Social scientists are often vexed because their work does not satisfy the criteria of "scientific" methodology developed by philosophers of science and logicians who use the natural sciences as their model. In this study, Paul Diesing defines science not by reference to these arbitrary norms delineated by those outside the field but in terms of norms implicit in what social scientists actually do in their everyday work. Patterns of Discovery in the Social Sciences is a detailed and systematic report on the full range of methods and procedures as they are actually practiced. Neither a how-to-do-it handbook nor a lofty philosophical treatise, this is a truly interdisciplinary study of the basic modes of procedure in scientific inquiry, with a special emphasis on normative politics. Diesing treats scientific methods as inductive logics of discovery in continuous evolution. He emphasizes the variety of methods available, discusses the advantages and disadvantages of specific methods, and, in particular, provides an account of mathematical modeling and of participant observation. The book will be of immense interest to all working social scientists, graduate students in any of the social science disciplines, and philosophers of science. It can also be employed as a text or supplement in courses in sociological methods and philosophy of science. This book is also a noteworthy companion to Diesing's major work on Science and Ideology in the Policy Sciences. Paul Diesing is professor emeritus of political science at the State University of New York at Buffalo. He did his graduate studies in philosophy from the University of Chicago and has taught at that university, the University of Illinois, and the University of Colorado. Diesing has also been a faculty associate at the Buffalo Center for International Conflict Studies, where he participated in the Center's program of researching in bargaining theory and international crises. He is the author of Reason in Society: Five Types of Decisions and Their Social Conditions and Science and Ideology in the Policy Sciences.

A New Dictionary of the Social Sciences, Second Edition

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Author: G. Duncan Mitchell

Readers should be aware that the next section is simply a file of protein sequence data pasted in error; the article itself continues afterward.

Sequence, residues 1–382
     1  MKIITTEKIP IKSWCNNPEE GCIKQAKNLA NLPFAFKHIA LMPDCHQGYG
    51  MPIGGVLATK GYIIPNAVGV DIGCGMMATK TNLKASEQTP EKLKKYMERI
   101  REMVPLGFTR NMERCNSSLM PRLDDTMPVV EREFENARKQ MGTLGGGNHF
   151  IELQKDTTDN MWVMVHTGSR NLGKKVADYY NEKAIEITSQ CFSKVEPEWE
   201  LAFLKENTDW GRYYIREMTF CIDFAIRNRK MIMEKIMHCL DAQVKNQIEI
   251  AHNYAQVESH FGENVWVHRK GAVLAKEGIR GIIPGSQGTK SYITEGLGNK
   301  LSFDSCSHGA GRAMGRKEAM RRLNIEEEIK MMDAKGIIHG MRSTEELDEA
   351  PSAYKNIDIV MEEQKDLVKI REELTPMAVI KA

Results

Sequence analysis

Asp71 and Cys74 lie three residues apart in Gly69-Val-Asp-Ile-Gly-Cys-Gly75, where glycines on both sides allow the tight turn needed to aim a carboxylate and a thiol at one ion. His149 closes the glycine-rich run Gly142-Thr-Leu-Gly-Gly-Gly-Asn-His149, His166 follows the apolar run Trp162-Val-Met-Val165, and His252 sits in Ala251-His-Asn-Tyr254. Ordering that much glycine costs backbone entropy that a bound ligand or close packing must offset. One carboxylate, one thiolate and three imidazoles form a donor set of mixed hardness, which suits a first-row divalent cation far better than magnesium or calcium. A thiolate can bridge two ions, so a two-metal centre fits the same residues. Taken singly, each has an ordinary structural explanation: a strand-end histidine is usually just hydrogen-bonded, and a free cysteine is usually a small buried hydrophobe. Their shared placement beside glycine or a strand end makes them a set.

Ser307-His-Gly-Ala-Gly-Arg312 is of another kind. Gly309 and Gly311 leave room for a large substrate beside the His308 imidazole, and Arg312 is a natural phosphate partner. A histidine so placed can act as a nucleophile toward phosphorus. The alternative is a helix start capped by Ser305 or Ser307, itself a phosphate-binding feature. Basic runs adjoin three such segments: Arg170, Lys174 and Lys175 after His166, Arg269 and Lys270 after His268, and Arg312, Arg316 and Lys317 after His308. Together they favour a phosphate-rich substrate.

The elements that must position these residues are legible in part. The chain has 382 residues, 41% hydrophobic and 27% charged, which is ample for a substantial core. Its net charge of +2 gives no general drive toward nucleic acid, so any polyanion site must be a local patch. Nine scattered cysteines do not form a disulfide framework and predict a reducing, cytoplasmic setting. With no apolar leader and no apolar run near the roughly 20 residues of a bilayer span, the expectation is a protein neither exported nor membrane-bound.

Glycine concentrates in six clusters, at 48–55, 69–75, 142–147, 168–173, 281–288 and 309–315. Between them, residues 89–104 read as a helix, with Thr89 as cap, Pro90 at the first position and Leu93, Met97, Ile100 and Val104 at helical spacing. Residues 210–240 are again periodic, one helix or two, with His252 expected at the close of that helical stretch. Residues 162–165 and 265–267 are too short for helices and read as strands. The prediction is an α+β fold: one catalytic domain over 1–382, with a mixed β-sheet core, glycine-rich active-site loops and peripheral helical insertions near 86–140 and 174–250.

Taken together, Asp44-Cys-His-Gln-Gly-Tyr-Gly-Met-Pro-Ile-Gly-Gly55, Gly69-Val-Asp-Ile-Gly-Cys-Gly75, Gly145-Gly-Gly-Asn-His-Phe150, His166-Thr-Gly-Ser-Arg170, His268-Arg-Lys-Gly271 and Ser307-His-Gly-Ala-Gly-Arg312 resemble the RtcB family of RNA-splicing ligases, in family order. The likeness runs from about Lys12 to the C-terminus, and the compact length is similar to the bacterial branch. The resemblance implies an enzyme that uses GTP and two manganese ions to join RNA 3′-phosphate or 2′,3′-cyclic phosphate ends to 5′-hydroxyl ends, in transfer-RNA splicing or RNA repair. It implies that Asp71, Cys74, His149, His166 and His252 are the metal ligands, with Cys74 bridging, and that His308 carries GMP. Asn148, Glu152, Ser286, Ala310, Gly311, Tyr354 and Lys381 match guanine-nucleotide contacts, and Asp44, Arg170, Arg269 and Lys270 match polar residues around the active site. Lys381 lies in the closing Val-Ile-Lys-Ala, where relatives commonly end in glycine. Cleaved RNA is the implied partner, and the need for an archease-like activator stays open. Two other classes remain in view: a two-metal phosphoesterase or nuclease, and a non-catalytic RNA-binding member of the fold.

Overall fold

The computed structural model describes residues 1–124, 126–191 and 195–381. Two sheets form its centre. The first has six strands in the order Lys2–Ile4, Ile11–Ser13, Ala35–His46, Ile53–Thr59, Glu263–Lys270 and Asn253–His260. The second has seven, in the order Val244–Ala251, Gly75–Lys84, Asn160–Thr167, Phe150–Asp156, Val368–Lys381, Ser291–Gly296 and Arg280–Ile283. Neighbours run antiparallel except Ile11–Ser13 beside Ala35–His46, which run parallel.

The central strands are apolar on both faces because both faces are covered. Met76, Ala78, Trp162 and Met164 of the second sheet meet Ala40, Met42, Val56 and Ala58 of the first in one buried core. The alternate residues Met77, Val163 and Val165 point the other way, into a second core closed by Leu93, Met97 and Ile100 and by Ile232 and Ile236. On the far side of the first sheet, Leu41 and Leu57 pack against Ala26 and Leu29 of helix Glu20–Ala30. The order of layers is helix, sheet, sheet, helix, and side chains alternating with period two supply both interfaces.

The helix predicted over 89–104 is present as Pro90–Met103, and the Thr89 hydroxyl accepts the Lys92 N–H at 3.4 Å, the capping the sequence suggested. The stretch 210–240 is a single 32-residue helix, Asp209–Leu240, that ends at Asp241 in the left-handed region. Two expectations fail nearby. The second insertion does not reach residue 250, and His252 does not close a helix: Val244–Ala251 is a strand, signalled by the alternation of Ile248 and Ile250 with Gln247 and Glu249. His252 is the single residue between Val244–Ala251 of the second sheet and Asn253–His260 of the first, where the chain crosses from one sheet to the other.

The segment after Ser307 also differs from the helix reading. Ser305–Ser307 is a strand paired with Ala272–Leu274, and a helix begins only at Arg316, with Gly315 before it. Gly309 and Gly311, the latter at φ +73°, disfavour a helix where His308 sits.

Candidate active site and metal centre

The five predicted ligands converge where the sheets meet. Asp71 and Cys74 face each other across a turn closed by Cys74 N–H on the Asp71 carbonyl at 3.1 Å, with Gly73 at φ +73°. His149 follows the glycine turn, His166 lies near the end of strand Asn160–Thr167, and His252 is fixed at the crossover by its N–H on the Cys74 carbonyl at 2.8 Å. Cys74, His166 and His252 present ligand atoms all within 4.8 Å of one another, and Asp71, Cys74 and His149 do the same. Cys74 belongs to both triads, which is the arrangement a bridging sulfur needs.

Publisher: Transaction Publishers

ISBN: 9780202364018

Category: Social Science

Page: 244

View: 7033

Designed especially to meet the needs of beginners in all the social sciences, A New Dictionary of the Social Sciences follows its highly successful distinguished predecessor, A Dictionary of Sociology, first published in 1968. Many of the entries have been revised and updated to keep abreast of the recent proliferation in the vocabulary of the social sciences. The entries include social psychological terms, terms in social and cultural anthropology, terms common to political science, social administration and social work. In the choice of words a generous definition of social science was employed, making the dictionary a very useful reference source for all beginners in the social sciences. Some terms are explained quite briefly while others are given lengthy treatment, according to the further assumptions that some sociological terms can imply. Thus long entries are given on words such as authority, consensus, phenomenology, role, social stratification, structuralism, whereas short and succinct entries suffice for words such as agnate, eidos, or mores. A number of short biographical sketches are also included. The contributors are all scholars working in universities, predominantly in the United Kingdom and the United States. More than a glossary, A New Dictionary of the Social Sciences helps the student understand some of the theoretical considerations underlying the use of sociological terms, as well as something of their history, and therefore resembles an encyclopedia in its scope and depth of information.

Knowledge and the Social Sciences

Theory, Method, Practice

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Author: David Goldblatt